NA meets: I See Rivers

There are times when we all just need a little bit of fun. To have a sing and a dance and spend some time laughing with friends. And that’s exactly what I See Rivers are offering, albeit in musical form. As an all-female trio hailing from three corners of Norway, they’ve been making waves with their self-proclaimed brand of float-folk since the release of their delightful debut EP, ‘Standing Barefoot’, and have already developed a reputation for delivering “pure joy” with their live performances.

 

Their harmony-laden sound has drawn obvious comparisons to fellow Scandinavian outfit First Aid Kit and the trio have mastered the art of using cleverly layered vocals and memorable melodies to add an extra-dimension to their songs, as evidenced by their pitch-perfect second EP ‘Play It Cool’, released last year. With the band currently in the studio to work on material for their debut album, set for release in the second half of 2019, we caught up with them to talk about moving to Wales, swapping float-folk for pop, dream collaborations and how to earn yourself a reputation as a flat-fish queen!

For those that don’t know you, can you tell us a little bit about yourselves?

Lille: I See Rivers is three people, all the way from Norway. I’m from the South, Eline is from the West and Gøril is from the faraway North and we’ve been a band for a few years. We met in Liverpool, where we studied at the Liverpool Institute for Performing Arts (LIPA). It was a mix between a lovely, organic process where we all became friends and also something that resulted from us all needing something to do for school!

Gøril: The whole process just kind of happened. We didn’t have any universities at the time in Norway that would do popular music. We had some places to learn classical and rhythmical stuff, but no popular schools with production and song-writing. LIPA has a good reputation in Norway for this sort of thing, so we were all very happy to end up there. We met there and here we are today!

Eline: We’ve released two EP’s so far, ‘Standing Barefoot’ and ‘Play It Cool’ and we’re excited to be working on more new music at the moment.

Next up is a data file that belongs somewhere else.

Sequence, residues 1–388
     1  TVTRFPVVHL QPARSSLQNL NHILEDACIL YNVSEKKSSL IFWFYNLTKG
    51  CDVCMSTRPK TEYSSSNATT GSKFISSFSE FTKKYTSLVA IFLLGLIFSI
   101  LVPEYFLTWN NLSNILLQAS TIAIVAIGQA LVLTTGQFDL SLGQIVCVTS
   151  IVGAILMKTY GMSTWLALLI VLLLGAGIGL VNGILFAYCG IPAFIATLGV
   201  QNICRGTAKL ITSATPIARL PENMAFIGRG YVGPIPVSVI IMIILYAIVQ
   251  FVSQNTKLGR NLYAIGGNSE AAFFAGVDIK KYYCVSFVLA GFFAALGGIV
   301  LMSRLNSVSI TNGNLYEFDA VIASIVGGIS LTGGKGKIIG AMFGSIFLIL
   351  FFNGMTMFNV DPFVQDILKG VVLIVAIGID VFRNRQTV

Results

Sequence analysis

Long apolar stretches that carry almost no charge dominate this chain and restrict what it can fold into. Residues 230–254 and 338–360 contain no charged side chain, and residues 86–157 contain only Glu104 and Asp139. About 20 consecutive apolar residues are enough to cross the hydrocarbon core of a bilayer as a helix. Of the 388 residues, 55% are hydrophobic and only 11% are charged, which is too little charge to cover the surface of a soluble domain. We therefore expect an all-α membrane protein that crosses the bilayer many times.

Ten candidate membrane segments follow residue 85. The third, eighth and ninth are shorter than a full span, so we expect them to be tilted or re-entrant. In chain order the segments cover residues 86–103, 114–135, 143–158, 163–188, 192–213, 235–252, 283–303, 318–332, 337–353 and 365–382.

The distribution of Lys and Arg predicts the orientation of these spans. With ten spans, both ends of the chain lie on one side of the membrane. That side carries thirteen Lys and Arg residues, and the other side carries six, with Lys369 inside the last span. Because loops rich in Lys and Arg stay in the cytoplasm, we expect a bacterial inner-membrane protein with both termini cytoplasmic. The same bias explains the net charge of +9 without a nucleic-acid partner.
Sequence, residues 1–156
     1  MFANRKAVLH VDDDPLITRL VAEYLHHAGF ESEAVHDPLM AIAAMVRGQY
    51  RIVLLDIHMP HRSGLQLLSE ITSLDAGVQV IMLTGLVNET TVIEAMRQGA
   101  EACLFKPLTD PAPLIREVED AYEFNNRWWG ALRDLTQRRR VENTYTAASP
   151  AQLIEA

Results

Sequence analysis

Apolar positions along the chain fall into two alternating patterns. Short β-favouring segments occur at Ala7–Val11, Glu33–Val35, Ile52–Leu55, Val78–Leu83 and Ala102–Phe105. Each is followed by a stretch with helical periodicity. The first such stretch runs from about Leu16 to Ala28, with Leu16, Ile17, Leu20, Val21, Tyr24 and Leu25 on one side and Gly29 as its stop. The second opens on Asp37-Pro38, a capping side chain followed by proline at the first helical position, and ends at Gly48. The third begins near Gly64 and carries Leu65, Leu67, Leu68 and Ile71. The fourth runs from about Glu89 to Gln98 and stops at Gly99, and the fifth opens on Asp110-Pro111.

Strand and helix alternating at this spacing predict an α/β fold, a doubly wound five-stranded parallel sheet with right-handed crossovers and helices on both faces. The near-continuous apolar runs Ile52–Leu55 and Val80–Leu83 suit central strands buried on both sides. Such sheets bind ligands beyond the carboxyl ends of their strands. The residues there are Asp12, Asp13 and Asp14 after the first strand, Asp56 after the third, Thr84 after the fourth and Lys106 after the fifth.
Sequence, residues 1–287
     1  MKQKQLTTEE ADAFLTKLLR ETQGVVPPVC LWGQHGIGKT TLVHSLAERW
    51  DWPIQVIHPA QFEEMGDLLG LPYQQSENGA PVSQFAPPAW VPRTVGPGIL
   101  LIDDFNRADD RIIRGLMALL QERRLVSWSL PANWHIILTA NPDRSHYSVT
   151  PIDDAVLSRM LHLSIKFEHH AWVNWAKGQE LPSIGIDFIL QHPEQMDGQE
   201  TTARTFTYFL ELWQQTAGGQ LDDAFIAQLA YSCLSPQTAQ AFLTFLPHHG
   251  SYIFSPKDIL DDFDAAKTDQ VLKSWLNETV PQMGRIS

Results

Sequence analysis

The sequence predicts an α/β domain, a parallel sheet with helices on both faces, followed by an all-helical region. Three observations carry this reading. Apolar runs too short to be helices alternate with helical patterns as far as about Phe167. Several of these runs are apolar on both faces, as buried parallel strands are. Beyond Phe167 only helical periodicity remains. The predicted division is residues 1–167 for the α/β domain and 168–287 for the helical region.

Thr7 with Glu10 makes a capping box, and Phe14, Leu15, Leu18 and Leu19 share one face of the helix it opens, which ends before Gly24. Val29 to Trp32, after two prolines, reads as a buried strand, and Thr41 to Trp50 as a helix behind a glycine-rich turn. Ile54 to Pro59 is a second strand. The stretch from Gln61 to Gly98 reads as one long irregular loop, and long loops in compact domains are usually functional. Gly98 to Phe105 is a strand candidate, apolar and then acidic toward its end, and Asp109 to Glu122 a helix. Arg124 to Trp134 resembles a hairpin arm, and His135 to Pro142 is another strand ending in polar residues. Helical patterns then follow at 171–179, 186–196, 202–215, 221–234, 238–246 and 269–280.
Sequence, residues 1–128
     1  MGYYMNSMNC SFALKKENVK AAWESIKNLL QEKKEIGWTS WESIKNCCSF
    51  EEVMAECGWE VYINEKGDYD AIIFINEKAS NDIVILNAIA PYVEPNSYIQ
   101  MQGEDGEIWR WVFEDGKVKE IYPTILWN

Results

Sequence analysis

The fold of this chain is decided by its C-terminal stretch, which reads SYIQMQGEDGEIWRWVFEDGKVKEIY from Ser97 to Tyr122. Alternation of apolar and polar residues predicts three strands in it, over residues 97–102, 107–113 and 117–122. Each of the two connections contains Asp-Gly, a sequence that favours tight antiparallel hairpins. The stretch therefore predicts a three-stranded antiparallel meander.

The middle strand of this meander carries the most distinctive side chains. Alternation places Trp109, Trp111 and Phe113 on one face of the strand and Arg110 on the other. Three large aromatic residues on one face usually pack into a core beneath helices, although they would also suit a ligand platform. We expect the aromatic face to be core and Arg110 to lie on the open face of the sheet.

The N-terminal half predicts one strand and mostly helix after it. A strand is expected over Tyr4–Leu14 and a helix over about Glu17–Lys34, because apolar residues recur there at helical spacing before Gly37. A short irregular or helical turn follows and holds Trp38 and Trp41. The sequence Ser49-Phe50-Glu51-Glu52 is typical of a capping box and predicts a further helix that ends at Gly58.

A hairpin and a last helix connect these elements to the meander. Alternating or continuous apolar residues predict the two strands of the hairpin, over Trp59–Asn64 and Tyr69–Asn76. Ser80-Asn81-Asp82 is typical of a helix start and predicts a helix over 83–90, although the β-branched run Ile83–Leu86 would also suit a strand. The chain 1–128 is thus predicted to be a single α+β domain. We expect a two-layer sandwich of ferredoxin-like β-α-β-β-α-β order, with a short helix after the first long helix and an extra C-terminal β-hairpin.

You moved to Wales for a little while – what made you want to do that?

Eline: We’ve recorded our music in a studio in Pembrokeshire before. We went there for the first time two years ago and really fell in love with it and found excuses to go back a lot of times. In one year we went there six times – we went back to film our music videos (Da Ram and Play It Cool) then when Lille finished uni after me and Gøril, we wanted somewhere to go and knew that we didn’t want to be in a city, but we wanted to stay in the UK and see where we could take the band.

Gøril: It also means we could all still live in cottages, which was great! I’m back in Norway now and Lille and Eline are still in Wales for the time being.

You’ve described yourselves as float folk and that description has been around for a little while now. What made you come up with that term and do you think it still applies to you today?

Gøril: We’ve been waiting for this question! We just talked about this, because when we started, we never discussed any genre, we just started writing. After we found a name, we never talked about how it should sound. It turned out quite vocal-ly, harmonising a lot and sounded very floaty, so I guess that’s where it came from. And we also floated between pop and folk. But we think it’s changed now!

Eline: Should we just say it?

Together: We’re just pop!

Lille: This is our coming out as a pop-band moment.

Eline: We talked about this and weren’t sure if we could really just call ourselves pop!

Gøril: But pop is just popular music. So it means we can be whatever we want to be.

Speaking about the name of the band, who was it that came up with the name I See Rivers?

Lille: We all did together. It was such a difficult thing. We sat for hours at the time.